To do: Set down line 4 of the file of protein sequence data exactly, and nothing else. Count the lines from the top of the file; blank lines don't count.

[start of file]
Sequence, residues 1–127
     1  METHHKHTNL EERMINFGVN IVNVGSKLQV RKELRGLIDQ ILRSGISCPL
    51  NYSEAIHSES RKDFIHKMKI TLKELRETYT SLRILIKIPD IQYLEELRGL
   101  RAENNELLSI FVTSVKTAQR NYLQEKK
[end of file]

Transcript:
   101  RAENNELLSI FVTSVKTAQR NYLQEKK